Posts filed under ‘~Other’
Rover recently posted a couple questions for us that I thought I would highlight.
“I have been on this site for several weeks now and the views shared here have challenged me greatly. I was wondering if some of the de-cons might answer a couple questions?
- There are Christians like myself who claim that the universe is finely tuned and shows evidence of being created by God. I have read many arguments refuting this claim, but what have you found to be the best one and most irrefutable?
- How can atheism truly support the evolution of sacrificial love? Dawkins arguments on this subject seem inadequate. Do you have any others?
A new blogger, Joan Ball, from the “Flirting with Faith” blog, recently found herself “in the land of Christian de-conversion.”
According to Joan’s testimony, she “woke up one morning a churchgoing agnostic (following years of rabid atheism) and put [her] head to the pillow that night a newly minted, highly unlikely Christian.” Of course, she was recently told by an atheist that because she converted, she was never a “real” atheist.
Here’s her reaction to our humble blog:
Now de-conversion may be a hot topic in Bible-college circles, but I wasn’t even sure if it was a real word. Webster’s online says that it’s not, but the folks that are contributing and commenting at http://de-conversion.com use it frequently.
I am sure that there is much to be said theologically about whether or not “de-conversion” is possible if a person had a genuine experience with Jesus, and I am not remotely studied enough to go there, but as I read the posts of dozens of self-proclaimed “former believers” I saw a pattern emerge: …
Recently, Rachel posed this question on her post “A Curious Christian with A Few Questions for de-cons“:
Are de-cons open to returning to the faith or is that impossible?
Here are a few of the responses from d-C contributors and readers:
I try to remain open to returning to my old faith, but am seeing less and less possibility as time goes on and searches prove unfruitful.
I’m open to learning new things and changing my mind. However, after studying and seeking for over 40 years, I really doubt that I will suddenly discover that God is real. – writerdd
Sort of like asking Christians if they are open to new religions, is it not? Only in this case we are people who have at least admitted that we are capable of changing our minds on the subject. The problem is that this question implies that this was a conscious decision on our parts. For myself, and most here, it isn’t. If the evidence in support of whatever version of Christianity is strong enough, I am sure I would accept it – as a former apologeticist, I have only found that it fails in every historical and philosophical aspect known to myself. – TheApostate…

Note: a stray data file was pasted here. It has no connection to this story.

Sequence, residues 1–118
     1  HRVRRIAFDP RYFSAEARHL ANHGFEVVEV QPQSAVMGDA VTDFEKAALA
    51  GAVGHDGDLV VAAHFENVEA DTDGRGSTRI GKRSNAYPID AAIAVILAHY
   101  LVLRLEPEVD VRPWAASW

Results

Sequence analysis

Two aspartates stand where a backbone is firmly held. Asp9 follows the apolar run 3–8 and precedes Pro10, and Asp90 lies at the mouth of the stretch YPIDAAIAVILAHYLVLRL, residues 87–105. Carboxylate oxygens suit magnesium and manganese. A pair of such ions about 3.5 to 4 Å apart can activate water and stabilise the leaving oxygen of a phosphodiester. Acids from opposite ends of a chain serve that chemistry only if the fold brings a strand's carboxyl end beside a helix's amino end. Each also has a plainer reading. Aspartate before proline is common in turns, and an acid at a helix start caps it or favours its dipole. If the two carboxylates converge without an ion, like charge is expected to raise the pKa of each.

For my whole life I have shoved my doubts about God’s existence to the back of my mind. There wasn’t a reason to drag them out and investigate them. In fact, there was more reason to keep them shoved to the back. It is much easier to be like everybody else. I wanted to be a Christian and to be on the same page with my husband and family. I love my husband and want to make him happy. Belief in God is what we’ve based our marriage, family and our entire lives on.
Then my 24 yr. old daughter fell in love with an atheist. I love my children more than anything. I want the best for them. My daughter has had her share of downers in her young life. Chronic illness, depression, numerous failures, disappointment in people and especially in boyfriends. This man is everything she has wanted. He is kind, responsible, honest, hard working, treats her wonderfully, encourages her to be her best, and really loves her. We’ve always told our children that the most important thing when looking for a mate is to be sure they are a Christian. The funny thing is that he has better values than most Christian guys she has dated.
At first, my reaction was terror. I live in the South where admitted atheists are a scary oddity. What to do…Should I call all our Christian friends and have a prayer vigil asking God to take this infidel out of my daughter’s life? Do I beg her to break up with him? Do I fear for her soul? Do I grieve for her? Surprisingly, I felt happy and excited for her. What was wrong with me? How could I be happy for her? …
Kieran Bennett recently completed his series on why Christians de-convert. To answer this question, he considered 94 of the 117 de-conversion stories he read on one of the largest archives of de-conversion stories on the internet.
Here is what he found:
- Dissatisfaction with the answers to simple questions proffered by the religion was the most common reason cited for de-conversion amongst the sample (14.89%).
- The realisation that religious dogma contradicted observable reality was
the second mostan equally common reason for de-conversion cited within the sample (also at 14.89%).
- 12.76% of the de-converted Christians in the sample spoke about realising the contradictions within the dogma itself.
- For 10.63% of people in the sample, reading the bible was significant in ending their faith.
- Only 8.51% of people in the sample attributed their de-conversion to the hypocrisy of the church.
- In another 8.51% of the de-conversion stories, people tried to speak to god and they now credit god’s lack of an answer for their de-conversion
- And finally, stumbling across the realisation that many religions were just like theirs caused deep doubts for 8.5% of the sample he read…